Research Ambien. It seems to be involved in other fatal attacks and traffic accidents by otherwise sane normal people. I think the VA is prescribing it to veterans. It is being prescribed by the military for troops in war zones. Supposedly, you won't do anything out of the ordinary, but what is ordinary for someone who is trained and encouraged to kill, armed with a weapon, and in a combat zone where the enemy can be anyone. Who is the enemy at home? An angry spouse, someone in the way, anyone at the moment. Who is the enemy in your subconscious when you're asleep but wide awake? Ambien is dangerous.

    The man needs to remain locked up somewhere.

  • spookems Aug 4, 2011

    I know that I did the work in my garage at night after taking Ambien because I remembered what I had accomplished the day before. I was working on a specific project, stopped work, put my tools away, locked the tool box, placed the tool box key out of sight on a shelf, turned on the outside light, turned off the inside lights, locked the door, looked the deadbolt, and went thirty yards to the house. Standard procedure.
    The following morning after a full nights sleep, I was extremely tired, my tool box was unlocked, my tools were out, and the item that I had been working on was closer to completion. The garage was also locked.
    I've had several doctors tell me that Ambien is known to cause sleep walking. Apparently, I used a mill and a lathe. I took precision measurements to 0.001 inches on the work piece.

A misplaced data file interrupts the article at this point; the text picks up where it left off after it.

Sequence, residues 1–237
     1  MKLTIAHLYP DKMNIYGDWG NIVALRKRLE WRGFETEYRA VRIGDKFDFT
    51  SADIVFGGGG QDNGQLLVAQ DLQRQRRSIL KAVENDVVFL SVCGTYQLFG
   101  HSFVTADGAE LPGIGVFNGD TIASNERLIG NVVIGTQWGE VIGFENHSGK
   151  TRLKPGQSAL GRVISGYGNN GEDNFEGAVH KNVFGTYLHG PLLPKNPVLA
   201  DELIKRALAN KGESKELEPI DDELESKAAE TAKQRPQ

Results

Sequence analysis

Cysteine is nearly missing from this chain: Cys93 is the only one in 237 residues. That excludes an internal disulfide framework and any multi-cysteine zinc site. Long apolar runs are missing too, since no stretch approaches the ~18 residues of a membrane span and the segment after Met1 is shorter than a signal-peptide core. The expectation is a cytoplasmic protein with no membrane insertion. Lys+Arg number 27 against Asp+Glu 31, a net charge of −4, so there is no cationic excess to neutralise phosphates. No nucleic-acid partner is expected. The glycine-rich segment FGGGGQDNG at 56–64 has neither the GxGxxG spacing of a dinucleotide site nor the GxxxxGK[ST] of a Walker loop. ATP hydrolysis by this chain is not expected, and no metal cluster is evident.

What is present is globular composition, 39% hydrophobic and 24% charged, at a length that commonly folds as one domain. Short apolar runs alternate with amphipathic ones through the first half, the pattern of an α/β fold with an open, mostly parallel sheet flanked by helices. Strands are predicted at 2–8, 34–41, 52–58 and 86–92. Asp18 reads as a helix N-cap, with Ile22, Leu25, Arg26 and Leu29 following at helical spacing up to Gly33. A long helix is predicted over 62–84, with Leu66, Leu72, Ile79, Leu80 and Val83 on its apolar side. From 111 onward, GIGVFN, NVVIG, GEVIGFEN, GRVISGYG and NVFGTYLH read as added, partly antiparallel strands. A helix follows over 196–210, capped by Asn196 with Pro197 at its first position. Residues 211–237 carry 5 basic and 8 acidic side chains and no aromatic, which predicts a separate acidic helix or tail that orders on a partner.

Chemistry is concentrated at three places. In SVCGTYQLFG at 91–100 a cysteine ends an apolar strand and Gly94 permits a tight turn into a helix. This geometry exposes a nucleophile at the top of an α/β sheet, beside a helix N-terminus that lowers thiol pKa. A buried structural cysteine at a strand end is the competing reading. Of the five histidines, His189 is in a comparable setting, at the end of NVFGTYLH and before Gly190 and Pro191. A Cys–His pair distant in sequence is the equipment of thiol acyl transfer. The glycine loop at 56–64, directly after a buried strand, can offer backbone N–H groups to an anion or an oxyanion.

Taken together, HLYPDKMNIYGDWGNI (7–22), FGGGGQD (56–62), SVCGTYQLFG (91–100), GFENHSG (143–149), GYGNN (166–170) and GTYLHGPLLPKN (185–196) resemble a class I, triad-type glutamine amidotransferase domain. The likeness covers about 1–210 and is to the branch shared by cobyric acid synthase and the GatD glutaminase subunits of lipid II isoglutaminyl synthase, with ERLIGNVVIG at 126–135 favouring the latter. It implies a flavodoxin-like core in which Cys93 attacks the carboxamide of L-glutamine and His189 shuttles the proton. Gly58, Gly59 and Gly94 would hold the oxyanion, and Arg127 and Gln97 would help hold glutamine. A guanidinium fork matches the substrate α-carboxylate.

I took Ambien as prescribed twice and will never take it again. It is dangerous.
    Under Ambien, you can function perfectly, yet have no knowledge or memory of your actions.

  • wildcat Aug 4, 2011

    Life in prison and no parole. This man deserves life and knew exactly what he was doing. Give the families justice.

  • jmenot Aug 4, 2011

    ya'll i know someone that took one of those drugs. he had to stop after we realized what was causing the problem. but, he would get up during all hours of the night,eat and would actually cook food and would not even acknowledge us.. we would talk to him, but it was like he wasn't even there. it was really scary at times. off the medicine now, can't sleep , but in his right mind now. i feel like pharmacutical companies pretty much run our country. i also send respect to the young officer that did not unload on someone. the other 99% would have. i am not defending the shooter at all! my prayers go out to the families.

  • davido Aug 4, 2011

    I saw that Stewart guy on TV last night. That officer isn't so hot--even I could've hit that target! ha

  • annemarek Aug 3, 2011

    In a case like this Stewart should have been shot dead.

  • jmrado47 Aug 3, 2011

    A person is still responsible for a crime even if they are depressed and taking medications. The defendant was aware the harm he was causing. The penalty phase should determine if there are any mitigating circumstances that might avoid the death penalty for the defendant.

  • bombayrunner Aug 3, 2011

    Yea, this cop was certainly a brave fella facing a shotgun with a pea-shooter. At least he was smart enough to try and get out of the way too instead of testing his vest. Good reaction unloading the weapons (so someone wouldn't try and kill the shooter with his own gun). Hard to believe his 40 or 9mm brought him down at all.

  • bombayrunner Aug 3, 2011

    no one in their right mind would kill a bunch of old folks. I havent read if he's had a big ole violent record or anything ... probably a touch of mental illness and those pills made him nuts and let his under-feelings take over. Just be glad the old lady of his wasn't working in an elementary school.

  • eccgc Aug 3, 2011

    This officer is a hero!